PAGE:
Biden taps federal management guru to lead IRS

Danny Werfel, shown here testifying during a hearing before the House Ways and Means Committee on June 27, 2013. Werfel has served in administrations of both parties, including as controller of the Office of Management and Budget.

Danny Werfel, shown here testifying during a hearing before the House Ways and Means Committee on June 27, 2013. Werfel has served in administrations of both parties, including as controller of the Office of Management and Budget. Alex Wong/Getty Image

Nominee previously led the tax agency and has ideas on implementing its unprecedented cash infusion.

President Biden on Thursday announced he will nominate Danny Werfel as the next IRS Commissioner, tapping a long-time public servant who briefly led the tax agency under President Obama. 

Werfel has served in administrations of both parties, including as controller of the Office of Management and Budget. He previously led IRS in 2013 amid a scandal in which the agency was found to have been targeting certain political groups for additional scrutiny of their tax-exempt status. He has won bipartisan plaudits for his time in government and has spent the last nine years at the Boston Consulting Group in its public sector practice. Charles Rettig, the most recent confirmed commissioner who was appointed by President Trump, stepped down from the post last month as his term was about to expire. 

“Werfel provided immediate stability to the IRS, effectively responding to numerous congressional investigations, successfully launching the Affordable Care Act technology that IRS was responsible for, and navigated the IRS through a multi-week government shutdown,” the White House said in a statement announcing the appointment.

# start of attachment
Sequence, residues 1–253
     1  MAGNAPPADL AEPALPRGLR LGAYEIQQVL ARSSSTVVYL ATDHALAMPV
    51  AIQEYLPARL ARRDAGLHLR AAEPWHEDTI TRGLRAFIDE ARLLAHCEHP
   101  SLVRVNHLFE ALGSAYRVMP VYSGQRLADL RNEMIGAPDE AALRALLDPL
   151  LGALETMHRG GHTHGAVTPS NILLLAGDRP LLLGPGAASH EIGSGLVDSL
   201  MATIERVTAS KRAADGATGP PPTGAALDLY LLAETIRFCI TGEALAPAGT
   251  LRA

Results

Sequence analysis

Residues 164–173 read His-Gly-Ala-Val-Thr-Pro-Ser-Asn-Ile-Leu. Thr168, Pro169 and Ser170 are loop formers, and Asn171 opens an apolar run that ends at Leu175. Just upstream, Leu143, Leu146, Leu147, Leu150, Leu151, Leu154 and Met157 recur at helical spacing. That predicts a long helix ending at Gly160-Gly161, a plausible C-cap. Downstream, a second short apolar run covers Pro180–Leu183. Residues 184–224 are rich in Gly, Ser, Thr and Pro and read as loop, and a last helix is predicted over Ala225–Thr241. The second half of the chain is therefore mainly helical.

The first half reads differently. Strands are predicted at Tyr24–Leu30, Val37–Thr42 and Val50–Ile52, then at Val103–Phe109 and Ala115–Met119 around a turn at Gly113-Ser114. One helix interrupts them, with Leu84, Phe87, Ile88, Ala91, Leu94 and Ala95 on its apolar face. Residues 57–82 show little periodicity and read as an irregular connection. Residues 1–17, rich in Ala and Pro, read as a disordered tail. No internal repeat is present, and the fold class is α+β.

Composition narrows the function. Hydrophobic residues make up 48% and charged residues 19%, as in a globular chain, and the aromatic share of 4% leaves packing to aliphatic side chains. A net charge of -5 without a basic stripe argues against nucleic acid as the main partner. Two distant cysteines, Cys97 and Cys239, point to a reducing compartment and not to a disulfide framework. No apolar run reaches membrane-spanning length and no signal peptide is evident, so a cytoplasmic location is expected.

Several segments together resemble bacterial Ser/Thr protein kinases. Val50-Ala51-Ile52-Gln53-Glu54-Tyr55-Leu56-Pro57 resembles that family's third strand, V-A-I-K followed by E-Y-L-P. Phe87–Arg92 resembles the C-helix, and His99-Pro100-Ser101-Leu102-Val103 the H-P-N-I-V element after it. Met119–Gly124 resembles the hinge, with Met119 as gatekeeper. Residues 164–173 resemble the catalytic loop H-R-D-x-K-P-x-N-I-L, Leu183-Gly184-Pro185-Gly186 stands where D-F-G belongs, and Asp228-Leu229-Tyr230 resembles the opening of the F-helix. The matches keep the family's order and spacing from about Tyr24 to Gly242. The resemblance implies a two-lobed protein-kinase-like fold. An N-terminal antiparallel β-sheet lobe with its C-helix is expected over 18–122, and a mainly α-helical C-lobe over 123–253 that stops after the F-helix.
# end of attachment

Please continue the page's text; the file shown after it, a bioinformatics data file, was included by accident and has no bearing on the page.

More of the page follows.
In a recent interview with Government Executive, Werfel laid out the challenges facing IRS as it seeks to implement the Inflation Reduction Act and the $80 billion it will provide to the agency over the next 10 years. He boasted that for every dollar Congress appropriates to IRS, it brings back far greater returns. He praised the IRS workforce and said it was aware of, but undeterred by, their less-than-stellar approval ratings. 

“People wear their unpopularity with a badge of honor,” Wefel said, knowing their role is “important for a functioning society.”

Werfel noted that the IRS will face challenges in implementing Biden’s signature tax, climate and health bill, particularly with regard to meeting its goal to hire tens of thousands of new employees. The agency will face a tough hiring environment, he said, with labor shortages creating a battle for talent between the public and private sector. He added IRS will have to get prospective applicants excited about government service generally and the IRS mission specifically, calling on agency recruiters to stress that virtually every public service the government offers is funded through the tax system. While it will not be easy, particularly in the current hyper-politicized moment, he said IRS should tap into Americans' sense of patriotism.